Melanoma tumors are characterized by their aggressiveness as well as by their resistance to therapeutic treatments. In the last years, major breakthroughs have been achieved in melanoma treatment as exemplified by the successful development and use of BRAF mutant inhibitors, a mutation that occurs in approximately 50% of human melanomas. However, the high degree of heterogeneity of melanoma tumors allows them to rapidly develop resistant mechanisms after clinical treatment. Thus, there are fundamental questions in melanoma biology that need to be addressed. Among them are the metabolic vulnerabilities and mechanisms of metastasis that will be investigated in this grant. Cancer cells use metabolic/energetic pathways that are critical to maintain survival and promote tumor growth and metastasis, however the specific role of these pathways and the effect on tumor progression are not completely understood. We have recently identified a subset of human melanomas (8-10%) that aberrantly overexpress the transcriptional coactivator PGC1? (OXPHOS high) that induces mitochondrial and ROS detoxification genes. PGC1? maintains survival and protect these tumors against oxidative stress and ROS-inducing drugs, but are vulnerable to mitochondrial OXPHOS inhibition. However, PGC1? suppression in melanoma tumors allows metabolic/energetic compensation through HIF1?-dependent glycolysis and metastatic progression. These results underscore the metabolic plasticity of melanomas and show that a rational combinatorial therapy will be required to treat tumors using metabolic targets. Here, we propose to continue our studies on the identification of mechanisms and targets by which human melanoma tumors reprogram metabolism conferring different vulnerabilities on cell growth and survival as well as the impact on metastasis. The goals are centered in three central aims: 1) defining the mechanisms and targets by which PGC1? controls melanoma tumor progression (Specific Aim 1), 2) identifying the metabolic compensatory mechanisms that allow survival in melanoma tumors via the HIF1? pathway (Specific Aim 2) and, 3) defining the impact and mechanisms of PGC1? on melanoma metastatic processes (Specific Aim 3). The outcomes of this proposal will advance our understanding of tumor melanoma and metabolic/energetic vulnerabilities and inform us on the identification of novel therapeutic targets in melanoma progression and metastasis.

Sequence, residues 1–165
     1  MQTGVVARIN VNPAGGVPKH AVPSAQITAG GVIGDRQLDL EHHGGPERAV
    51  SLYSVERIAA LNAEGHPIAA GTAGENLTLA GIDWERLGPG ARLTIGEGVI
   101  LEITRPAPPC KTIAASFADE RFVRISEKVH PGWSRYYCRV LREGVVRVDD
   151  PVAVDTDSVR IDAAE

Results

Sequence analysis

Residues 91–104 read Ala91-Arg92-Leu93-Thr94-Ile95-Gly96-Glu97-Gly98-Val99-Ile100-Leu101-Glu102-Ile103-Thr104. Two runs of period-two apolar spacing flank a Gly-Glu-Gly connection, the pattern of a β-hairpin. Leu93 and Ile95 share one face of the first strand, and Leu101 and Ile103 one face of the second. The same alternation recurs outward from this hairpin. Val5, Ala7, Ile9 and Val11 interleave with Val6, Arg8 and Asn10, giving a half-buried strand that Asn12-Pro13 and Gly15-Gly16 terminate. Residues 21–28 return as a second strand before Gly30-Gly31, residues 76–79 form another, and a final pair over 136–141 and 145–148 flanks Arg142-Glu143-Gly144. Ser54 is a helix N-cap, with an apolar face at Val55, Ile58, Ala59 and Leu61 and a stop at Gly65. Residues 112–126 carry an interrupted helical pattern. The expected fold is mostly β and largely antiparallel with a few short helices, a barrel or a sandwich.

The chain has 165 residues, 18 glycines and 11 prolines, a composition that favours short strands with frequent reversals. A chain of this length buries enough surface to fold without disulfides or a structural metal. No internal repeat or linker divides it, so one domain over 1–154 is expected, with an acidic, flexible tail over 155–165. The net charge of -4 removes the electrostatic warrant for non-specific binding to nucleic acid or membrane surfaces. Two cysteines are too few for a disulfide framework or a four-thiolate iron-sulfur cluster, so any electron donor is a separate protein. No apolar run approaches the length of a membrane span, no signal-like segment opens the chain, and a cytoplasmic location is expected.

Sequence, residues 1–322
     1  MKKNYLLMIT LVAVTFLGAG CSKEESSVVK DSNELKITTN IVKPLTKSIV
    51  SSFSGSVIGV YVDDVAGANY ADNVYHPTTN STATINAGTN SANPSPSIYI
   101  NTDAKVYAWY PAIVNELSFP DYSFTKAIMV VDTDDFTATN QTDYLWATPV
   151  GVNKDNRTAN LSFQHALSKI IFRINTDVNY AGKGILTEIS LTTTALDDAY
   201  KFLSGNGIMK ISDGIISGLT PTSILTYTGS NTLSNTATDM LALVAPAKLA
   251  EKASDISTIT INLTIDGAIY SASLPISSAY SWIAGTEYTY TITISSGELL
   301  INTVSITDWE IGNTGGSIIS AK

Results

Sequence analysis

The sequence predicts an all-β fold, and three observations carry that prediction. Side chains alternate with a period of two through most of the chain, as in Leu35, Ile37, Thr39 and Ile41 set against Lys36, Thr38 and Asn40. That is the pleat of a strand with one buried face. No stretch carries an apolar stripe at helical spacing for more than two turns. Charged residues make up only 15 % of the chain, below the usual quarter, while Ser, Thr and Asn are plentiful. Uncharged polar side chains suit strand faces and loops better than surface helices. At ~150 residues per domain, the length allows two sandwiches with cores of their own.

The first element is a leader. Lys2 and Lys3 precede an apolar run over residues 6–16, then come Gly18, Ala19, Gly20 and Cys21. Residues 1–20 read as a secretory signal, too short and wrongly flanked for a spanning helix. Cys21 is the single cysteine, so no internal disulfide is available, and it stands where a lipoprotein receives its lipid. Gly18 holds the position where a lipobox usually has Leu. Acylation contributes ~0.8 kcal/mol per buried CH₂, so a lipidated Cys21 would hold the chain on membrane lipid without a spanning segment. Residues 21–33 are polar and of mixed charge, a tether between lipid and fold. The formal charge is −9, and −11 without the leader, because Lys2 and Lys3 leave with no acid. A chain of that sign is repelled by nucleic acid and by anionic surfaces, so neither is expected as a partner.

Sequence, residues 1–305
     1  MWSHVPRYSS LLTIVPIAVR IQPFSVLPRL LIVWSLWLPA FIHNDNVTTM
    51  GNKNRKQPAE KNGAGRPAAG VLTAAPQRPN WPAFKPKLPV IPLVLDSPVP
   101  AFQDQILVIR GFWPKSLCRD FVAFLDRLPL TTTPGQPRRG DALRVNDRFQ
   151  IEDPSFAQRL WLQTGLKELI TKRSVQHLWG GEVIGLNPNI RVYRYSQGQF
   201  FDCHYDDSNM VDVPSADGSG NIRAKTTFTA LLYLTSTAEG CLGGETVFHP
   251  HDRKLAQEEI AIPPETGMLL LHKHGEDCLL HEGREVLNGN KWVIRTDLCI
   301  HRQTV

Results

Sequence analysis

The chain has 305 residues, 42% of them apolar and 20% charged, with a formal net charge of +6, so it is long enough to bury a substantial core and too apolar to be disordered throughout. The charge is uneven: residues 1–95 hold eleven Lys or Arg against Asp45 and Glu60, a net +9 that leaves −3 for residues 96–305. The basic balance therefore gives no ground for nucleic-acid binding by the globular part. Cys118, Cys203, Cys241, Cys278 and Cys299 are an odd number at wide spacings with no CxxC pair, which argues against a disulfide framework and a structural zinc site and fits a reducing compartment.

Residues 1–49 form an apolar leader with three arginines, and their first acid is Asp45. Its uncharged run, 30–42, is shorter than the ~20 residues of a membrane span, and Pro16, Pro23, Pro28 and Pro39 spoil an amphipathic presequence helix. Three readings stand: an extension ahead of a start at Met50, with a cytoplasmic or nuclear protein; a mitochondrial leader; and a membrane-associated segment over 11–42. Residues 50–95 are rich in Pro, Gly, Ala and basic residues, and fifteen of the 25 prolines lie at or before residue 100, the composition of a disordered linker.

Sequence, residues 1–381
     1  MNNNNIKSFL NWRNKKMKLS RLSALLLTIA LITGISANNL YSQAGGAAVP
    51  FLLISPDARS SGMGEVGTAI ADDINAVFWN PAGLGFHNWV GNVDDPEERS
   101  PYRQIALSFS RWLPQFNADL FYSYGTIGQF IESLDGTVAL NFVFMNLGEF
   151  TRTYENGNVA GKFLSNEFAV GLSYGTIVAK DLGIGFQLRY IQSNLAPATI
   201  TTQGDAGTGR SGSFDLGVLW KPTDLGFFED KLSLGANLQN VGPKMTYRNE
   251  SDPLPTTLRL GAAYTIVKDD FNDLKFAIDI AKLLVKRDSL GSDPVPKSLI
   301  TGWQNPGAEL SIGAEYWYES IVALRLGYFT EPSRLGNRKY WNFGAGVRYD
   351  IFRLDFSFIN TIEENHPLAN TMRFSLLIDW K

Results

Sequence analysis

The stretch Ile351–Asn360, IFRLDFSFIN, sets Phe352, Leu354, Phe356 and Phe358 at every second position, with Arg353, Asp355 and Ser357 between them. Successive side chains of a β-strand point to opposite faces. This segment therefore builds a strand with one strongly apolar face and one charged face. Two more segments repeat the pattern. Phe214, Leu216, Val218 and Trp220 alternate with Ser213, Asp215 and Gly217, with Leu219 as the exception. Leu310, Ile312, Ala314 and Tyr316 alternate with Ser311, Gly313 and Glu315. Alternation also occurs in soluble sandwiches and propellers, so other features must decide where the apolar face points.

National Institute of Health (NIH)
Research Project (R01)
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Tumor Cell Biology Study Section (TCB)
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Spalholz, Barbara A
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Dana-Farber Cancer Institute
United States
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